It was about 2 o'clock in the middle of the night when we reached the Austrian border. It's a pretty empty and desolate highway at night, which was convenient. But still there was something very weird about crossing the country at night at 170km/h. Townlights down in valleys, or high up in mountains, flying by without ever really seeing what's around you. Just myself, Manon, the bike, and the highway. It was pretty cold though, and Manon wanted to stop pretty often to get warm coffee. I didn't mind about it at all, as I was pretty cold as well all the time. Around 6 o'clock that morning we entered Germany, which didn't agree with us. First two hours there was a slight mist. It didn't limit our vision that much, but it was chilling cold as well. Only around 11 o'clock that morning did the temperature finally go up. But at that time I was getting drowsy. I had been driving for more than 12 hours straight (more or less), but we still had about 500km to go. Finally, around 1 o'clock in the afternoon, we decided to give up. We were only about 300km from home (out of 1500km in total), but we were both simply exhausted. So if it hadn't been for that stupid oil drinking Ducati of mine that thwarted our plans, we would have been able to do the trip in one go. But, so it seems in retrospect, there was a last adventure for us to undertake...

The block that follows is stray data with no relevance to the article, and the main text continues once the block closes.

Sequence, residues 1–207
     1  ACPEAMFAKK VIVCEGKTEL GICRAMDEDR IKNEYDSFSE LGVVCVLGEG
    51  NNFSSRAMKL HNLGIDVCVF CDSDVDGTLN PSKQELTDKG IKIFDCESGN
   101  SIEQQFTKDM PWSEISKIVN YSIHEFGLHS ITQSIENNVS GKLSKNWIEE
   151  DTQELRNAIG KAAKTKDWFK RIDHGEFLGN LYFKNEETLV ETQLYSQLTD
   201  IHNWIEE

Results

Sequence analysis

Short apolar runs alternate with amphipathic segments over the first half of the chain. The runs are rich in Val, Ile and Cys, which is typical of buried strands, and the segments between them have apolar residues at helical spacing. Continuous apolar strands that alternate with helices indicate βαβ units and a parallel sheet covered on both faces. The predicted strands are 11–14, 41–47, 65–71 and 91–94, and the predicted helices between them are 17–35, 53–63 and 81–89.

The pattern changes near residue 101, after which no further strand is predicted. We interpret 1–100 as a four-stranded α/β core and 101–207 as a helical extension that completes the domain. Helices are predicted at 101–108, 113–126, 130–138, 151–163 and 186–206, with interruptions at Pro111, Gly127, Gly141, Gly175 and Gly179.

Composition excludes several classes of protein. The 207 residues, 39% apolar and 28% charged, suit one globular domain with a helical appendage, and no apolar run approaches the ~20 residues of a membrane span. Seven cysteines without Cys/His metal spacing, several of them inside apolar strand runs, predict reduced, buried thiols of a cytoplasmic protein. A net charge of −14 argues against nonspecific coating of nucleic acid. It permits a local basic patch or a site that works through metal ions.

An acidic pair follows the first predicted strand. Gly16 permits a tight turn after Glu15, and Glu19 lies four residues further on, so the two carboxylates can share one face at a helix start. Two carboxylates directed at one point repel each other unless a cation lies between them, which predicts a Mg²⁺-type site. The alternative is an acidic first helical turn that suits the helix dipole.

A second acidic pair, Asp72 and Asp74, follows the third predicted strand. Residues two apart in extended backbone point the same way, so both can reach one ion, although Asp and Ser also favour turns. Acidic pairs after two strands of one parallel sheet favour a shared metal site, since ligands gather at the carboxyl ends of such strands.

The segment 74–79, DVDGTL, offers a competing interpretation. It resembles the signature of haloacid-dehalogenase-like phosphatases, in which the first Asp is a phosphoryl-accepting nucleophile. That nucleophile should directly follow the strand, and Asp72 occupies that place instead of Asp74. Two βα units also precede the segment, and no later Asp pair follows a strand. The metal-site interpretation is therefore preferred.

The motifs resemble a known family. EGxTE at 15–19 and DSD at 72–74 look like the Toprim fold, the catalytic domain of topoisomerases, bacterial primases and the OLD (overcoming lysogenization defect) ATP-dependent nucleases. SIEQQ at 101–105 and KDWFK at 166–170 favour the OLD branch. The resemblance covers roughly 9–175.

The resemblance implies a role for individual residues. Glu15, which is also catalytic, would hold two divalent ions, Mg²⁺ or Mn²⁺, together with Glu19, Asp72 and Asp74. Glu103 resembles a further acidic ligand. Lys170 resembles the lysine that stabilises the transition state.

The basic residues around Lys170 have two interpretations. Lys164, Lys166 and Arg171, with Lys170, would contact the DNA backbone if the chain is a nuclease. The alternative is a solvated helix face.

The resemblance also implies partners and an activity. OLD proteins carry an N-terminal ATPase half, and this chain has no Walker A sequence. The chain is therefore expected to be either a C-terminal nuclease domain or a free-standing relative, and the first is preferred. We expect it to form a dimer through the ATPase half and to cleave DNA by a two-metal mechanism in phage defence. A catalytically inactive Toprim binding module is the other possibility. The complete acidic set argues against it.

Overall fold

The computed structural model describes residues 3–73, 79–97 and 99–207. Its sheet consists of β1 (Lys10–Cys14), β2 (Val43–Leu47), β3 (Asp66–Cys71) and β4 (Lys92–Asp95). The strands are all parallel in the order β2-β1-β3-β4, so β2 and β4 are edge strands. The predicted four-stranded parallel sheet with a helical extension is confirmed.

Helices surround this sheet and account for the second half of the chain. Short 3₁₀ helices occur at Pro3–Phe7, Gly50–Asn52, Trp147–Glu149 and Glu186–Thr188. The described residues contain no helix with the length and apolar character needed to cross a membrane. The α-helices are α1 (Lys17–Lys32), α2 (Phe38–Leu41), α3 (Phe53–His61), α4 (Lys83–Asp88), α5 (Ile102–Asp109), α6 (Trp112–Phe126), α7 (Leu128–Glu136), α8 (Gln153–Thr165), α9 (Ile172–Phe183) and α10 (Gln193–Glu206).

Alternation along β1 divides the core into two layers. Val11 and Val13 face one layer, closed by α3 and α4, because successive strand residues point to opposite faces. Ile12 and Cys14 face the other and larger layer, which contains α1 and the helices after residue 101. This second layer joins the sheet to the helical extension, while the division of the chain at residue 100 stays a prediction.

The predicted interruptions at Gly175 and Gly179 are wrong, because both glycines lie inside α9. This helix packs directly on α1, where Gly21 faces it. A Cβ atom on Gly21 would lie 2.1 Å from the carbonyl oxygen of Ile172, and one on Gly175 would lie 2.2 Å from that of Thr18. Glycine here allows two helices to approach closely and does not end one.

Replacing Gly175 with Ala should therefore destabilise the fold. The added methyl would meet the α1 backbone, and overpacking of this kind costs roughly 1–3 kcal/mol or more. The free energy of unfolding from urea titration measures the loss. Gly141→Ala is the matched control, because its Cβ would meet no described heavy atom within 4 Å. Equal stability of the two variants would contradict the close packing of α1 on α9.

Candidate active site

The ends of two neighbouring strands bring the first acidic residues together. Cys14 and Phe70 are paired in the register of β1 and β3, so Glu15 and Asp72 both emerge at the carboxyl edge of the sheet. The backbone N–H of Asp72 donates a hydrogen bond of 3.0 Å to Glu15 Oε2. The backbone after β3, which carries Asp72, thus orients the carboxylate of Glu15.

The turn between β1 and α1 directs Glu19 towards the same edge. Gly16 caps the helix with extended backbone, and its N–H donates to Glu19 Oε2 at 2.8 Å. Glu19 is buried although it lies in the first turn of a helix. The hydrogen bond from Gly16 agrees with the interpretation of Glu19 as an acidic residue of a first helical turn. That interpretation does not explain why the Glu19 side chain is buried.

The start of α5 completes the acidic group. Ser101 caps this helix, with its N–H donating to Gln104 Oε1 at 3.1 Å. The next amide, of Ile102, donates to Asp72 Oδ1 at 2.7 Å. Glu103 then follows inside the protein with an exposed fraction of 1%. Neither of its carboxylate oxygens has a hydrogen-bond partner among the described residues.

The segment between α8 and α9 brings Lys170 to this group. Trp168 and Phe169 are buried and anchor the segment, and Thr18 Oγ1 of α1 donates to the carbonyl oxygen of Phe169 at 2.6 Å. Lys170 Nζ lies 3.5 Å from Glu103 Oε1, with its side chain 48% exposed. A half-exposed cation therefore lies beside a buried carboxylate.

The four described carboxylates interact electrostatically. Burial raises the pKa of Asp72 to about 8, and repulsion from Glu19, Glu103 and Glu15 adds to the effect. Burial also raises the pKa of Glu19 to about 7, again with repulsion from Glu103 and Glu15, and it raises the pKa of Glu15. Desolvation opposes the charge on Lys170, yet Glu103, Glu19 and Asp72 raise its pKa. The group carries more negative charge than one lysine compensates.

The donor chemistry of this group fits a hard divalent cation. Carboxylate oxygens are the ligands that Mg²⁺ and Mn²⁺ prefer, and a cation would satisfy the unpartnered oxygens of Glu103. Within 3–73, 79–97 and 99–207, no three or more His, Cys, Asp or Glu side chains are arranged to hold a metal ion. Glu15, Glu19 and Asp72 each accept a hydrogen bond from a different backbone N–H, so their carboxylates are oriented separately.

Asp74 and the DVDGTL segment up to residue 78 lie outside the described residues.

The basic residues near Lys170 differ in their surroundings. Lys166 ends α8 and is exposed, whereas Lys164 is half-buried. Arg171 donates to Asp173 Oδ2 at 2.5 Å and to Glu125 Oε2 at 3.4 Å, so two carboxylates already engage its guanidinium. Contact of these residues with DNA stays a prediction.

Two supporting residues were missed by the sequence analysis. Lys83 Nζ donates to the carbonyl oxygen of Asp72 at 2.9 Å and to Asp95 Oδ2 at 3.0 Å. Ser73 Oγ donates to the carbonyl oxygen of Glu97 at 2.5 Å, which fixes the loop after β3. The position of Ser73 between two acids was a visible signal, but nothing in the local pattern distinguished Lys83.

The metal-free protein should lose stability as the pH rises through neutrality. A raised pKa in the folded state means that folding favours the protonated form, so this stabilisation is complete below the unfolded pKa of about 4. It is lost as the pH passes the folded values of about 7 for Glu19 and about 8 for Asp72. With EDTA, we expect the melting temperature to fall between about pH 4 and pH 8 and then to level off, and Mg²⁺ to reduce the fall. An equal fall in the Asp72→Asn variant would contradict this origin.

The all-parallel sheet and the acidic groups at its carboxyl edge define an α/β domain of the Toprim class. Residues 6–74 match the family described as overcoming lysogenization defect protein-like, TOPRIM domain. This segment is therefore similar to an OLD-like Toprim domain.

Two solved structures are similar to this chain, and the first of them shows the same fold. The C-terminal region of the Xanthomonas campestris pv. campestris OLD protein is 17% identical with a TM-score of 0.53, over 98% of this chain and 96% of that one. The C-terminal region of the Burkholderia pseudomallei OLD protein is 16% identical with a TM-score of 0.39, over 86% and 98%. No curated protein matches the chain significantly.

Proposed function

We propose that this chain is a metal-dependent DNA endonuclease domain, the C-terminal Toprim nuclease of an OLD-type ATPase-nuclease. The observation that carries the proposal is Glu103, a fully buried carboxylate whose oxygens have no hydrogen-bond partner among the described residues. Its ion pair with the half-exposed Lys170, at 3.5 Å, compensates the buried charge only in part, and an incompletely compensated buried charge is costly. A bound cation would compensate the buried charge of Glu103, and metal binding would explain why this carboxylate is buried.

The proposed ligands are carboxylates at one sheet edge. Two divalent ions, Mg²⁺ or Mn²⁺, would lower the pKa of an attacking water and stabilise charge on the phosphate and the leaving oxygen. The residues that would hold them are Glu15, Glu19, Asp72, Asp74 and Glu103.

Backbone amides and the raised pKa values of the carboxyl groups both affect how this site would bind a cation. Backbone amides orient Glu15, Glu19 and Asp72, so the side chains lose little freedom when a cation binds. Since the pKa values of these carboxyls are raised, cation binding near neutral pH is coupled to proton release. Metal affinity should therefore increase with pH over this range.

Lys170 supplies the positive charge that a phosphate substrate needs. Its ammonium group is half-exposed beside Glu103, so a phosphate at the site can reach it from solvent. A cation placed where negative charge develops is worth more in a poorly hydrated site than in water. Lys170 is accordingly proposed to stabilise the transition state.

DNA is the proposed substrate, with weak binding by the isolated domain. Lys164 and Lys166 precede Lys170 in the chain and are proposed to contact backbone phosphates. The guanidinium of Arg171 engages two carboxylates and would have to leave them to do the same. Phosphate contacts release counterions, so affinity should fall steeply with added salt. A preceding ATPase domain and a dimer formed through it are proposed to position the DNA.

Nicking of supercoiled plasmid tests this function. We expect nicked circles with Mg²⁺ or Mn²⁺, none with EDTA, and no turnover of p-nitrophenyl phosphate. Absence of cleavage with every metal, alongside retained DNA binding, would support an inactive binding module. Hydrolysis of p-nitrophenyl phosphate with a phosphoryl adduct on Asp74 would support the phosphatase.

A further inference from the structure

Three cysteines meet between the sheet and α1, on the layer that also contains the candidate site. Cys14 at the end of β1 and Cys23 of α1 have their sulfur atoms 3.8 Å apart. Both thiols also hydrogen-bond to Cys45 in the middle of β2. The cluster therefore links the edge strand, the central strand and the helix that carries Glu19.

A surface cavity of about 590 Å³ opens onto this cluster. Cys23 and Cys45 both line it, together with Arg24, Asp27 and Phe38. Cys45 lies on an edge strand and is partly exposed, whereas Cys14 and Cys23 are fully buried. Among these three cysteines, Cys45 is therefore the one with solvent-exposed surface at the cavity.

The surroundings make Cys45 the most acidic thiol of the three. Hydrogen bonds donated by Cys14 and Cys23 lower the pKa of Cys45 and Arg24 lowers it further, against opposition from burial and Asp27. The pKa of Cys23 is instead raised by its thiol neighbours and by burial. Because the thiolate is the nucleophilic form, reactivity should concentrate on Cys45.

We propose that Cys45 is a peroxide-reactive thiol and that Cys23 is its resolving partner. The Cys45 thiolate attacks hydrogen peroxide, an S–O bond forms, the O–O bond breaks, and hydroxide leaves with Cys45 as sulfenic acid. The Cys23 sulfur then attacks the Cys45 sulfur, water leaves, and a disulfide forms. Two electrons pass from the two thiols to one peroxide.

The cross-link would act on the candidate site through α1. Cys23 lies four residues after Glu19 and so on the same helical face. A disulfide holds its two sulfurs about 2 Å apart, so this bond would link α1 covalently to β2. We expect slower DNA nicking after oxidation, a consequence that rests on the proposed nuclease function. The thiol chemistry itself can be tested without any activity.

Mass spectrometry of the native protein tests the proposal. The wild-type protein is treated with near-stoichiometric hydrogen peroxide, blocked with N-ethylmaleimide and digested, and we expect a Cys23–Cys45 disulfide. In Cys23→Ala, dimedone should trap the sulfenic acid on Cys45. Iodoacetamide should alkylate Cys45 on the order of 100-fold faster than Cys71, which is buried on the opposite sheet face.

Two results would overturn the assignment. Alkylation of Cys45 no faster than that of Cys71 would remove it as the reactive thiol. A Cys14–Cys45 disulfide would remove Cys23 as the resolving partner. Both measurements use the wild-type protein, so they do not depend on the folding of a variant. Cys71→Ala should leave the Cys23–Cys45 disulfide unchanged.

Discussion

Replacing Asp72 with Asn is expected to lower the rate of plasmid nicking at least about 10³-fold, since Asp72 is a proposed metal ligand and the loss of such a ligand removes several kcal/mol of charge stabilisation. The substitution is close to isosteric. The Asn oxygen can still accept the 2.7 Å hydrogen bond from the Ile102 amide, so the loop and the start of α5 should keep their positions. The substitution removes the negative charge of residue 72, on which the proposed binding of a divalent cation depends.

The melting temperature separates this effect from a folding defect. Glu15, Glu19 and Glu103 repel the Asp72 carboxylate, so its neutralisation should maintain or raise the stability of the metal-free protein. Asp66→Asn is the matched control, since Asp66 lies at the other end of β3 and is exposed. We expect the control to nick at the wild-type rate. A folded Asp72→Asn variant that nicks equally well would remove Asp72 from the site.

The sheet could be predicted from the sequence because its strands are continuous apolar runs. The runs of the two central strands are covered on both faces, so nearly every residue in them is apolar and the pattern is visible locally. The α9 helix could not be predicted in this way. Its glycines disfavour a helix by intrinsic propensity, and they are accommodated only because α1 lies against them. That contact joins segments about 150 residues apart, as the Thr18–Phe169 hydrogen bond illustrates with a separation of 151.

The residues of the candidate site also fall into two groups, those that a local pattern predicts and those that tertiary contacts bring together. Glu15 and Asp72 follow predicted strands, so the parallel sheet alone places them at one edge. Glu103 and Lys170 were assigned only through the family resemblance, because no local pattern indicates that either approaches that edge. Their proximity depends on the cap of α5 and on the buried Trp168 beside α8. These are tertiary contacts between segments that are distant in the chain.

It took a while before we found a hotel. Eventually we ended up in a small town named Eppstein. After a considerable - and quite frustrating - bit of searching we found a hotel. As we unmounted the bike, a foreign looking fellow was watching us. He was bold, and had a tattoo on his right temple. He turned out to be the owner of the hotel. He let us into the hotel, which was completely empty, no guests were there. We were slightly worried by that fact, but figured it was a small hotel in a small town, so it was probably logical that it was empty. The owner asked us to pay in advance if we wanted to pay using a credit card (which we wanted), as, so he said, the next morning someone else would be working, and she apparently didn't understand how to work with the credit card paying apparatus/thingy. That kind of worried us as well, but we decided that getting into a bed for some much earned sleep was more important. Around half past five that afternoon we woke up again to the sound of screaming kids, and decided to scope the place for some dinner. The owner said that since we were the only guests, he hadn't opened the kitchen. That was weird as well, for we thought, why not open it for us then? In stead, he asked us if we would care to eat in one of his restaurants. He also owned a taxi company together with a relative, and offered to drive us there for free (he drove the only taxi he said). As we stepped into the taxi, the first thing we noticed was that the front window had a huge crack in it. Second, although the guy had told us that it was very nearby, after 30 minutes of driving we still weren't at the restaurant yet. I asked him what was wrong, and he answered it was because of some roadblocks for scheduled maitenance to an important local road. He had to take a major detour to get us to the restaurant. Satisfied with that explanation I took Manon's hand and smiled at her, feeling happy and content. Everything was fine for me. Manon gave me a weird look I didn't understand, but I ignored it. Eventually, we got to the restaurant. The hotel owner parked the taxi in a major parking lot, and asked us to follow him. Finally we had arrived at the restaurant.